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Re: A plea for skirts as a degendering measure

Post by Coder »

Grok wrote:
Sat Sep 17, 2022 4:59 pm
What is important to me is that the mainstream tolerate the mavericks who dress as they please :!:
There are a lot of examples on this board alone - and it seems for the most part we are tolerated. Obviously the further you push the envelope the more "stares" you might get, but in the three years I've been on this board I've only read maybe a handful of negative experiences, and only two (I think one was of one of moon's jaunts) where people were really really obnoxious. Heck, the most recent example - the little girl who said "I hate you" - her grandmother (elderly? baby boomer?) sounded very tolerant, much moreso that I'd have expected.
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Re: A plea for skirts as a degendering measure

Post by STEVIE »

ScotL wrote:
Sat Sep 17, 2022 10:32 am
This notion of more men wearing skirts as a bad thing is absolutely perplexing to me
Scott.
More men in skirts is no bad thing!
However, any number of men straitjacketed into a single design of any garment is!
I do hope that alleviates your perplexity.
Steve.
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Re: A plea for skirts as a degendering measure

Post by Stu »

The gender-bending fad periodically comes in various ways and then and goes away as all fads tend to do. We had it in the 1960s with "unisex" and again in the 19870s with the glam rock cult and again in the 1980s with the "Boy George" mania. We are going through such a fad now, but it will pass and then it will be replaced with hyper-masculinity and hyper-femininity coming back into fashion: gender fluidity will be yesterday's trend. If we are interested in de-gendering skirts, this bandwagon is not one that will serve our purpose because it will run out of steam and then be reversed. In any case, the couture / high fashion end is also not something upon which we can depend as the styes vary between bizarre and outrageous, and they are hugely expensive and unavailable on the High Street and, as a rule, they are created for younger men or celebs.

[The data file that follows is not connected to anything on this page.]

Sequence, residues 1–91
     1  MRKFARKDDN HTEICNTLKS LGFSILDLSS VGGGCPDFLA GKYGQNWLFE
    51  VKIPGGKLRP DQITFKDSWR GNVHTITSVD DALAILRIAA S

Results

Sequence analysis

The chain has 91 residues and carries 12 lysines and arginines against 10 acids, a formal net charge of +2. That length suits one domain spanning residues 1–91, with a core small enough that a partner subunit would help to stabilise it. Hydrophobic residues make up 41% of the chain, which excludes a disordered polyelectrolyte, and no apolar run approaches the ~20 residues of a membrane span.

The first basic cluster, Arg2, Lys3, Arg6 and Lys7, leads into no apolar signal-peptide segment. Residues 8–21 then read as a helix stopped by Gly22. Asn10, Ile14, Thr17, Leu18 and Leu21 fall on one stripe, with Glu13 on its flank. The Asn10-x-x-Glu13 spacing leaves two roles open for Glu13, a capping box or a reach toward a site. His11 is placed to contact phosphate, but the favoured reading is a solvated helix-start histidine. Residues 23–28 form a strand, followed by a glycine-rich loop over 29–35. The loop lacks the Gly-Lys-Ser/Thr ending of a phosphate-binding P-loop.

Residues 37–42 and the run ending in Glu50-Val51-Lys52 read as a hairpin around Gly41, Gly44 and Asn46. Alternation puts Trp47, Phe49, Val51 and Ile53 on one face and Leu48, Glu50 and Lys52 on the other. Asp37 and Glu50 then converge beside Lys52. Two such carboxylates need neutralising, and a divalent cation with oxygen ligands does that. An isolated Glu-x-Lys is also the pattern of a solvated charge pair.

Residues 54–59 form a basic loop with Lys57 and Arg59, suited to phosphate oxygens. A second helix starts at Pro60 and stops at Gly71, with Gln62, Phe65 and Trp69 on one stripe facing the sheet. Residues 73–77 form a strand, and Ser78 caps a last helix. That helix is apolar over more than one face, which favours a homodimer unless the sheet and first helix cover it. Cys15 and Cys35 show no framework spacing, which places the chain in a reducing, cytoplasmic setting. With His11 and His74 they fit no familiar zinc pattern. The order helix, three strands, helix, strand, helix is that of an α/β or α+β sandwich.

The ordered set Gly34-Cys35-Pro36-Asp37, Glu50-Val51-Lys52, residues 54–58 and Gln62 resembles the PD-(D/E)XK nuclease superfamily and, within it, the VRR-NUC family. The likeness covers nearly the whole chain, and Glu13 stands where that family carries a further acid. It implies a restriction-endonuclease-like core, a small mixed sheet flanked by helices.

If we want to de-gender skirts, we have to find a way to do that which can be an attractive option for all men regardless of age and financial resources and, ideally, boys too. Kilt-wearing offers a way into that, but kilts tend to be expensive and they have extremely strong cultural associations as part of a national dress- Solid colour kilts worn with heavy sweaters can look masculine and I suspect that is a market which could lend itself to being opened by a brave and imaginative entrepreneur. To make them wearable all year and also affordable, however, they would have to be available in lighter-weight fabrics and with far less yardage. I can't for the life of me understand by the simplest form of knee-length denim skirt has never been offered to males of all ages. Denim is the ultimate unisex material; it is robust, washable and cheap - and versatile enough to be dressed up or dressed down to suit any occasion. Any store brave enough to size some up as unisex, put them on the men's rails and market/advertise them as wearable by both her and him would be taking a risk - but could potentially start a trend and, in any case, the free publicity from that would pay dividends.
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Re: A plea for skirts as a degendering measure

Post by Ozdelights »

Stu wrote:
Sat Sep 17, 2022 7:19 pm

If we want to de-gender skirts, we have to find a way to do that which can be an attractive option for all men regardless of age and financial resources and, ideally, boys too. Kilt-wearing offers a way into that, but kilts tend to be expensive and they have extremely strong cultural associations as part of a national dress- Solid colour kilts worn with heavy sweaters can look masculine and I suspect that is a market which could lend itself to being opened by a brave and imaginative entrepreneur. To make them wearable all year and also affordable, however, they would have to be available in lighter-weight fabrics and with far less yardage. I can't for the life of me understand by the simplest form of knee-length denim skirt has never been offered to males of all ages. Denim is the ultimate unisex material; it is robust, washable and cheap - and versatile enough to be dressed up or dressed down to suit any occasion. Any store brave enough to size some up as unisex, put them on the men's rails and market/advertise them as wearable by both her and him would be taking a risk - but could potentially start a trend and, in any case, the free publicity from that would pay dividends.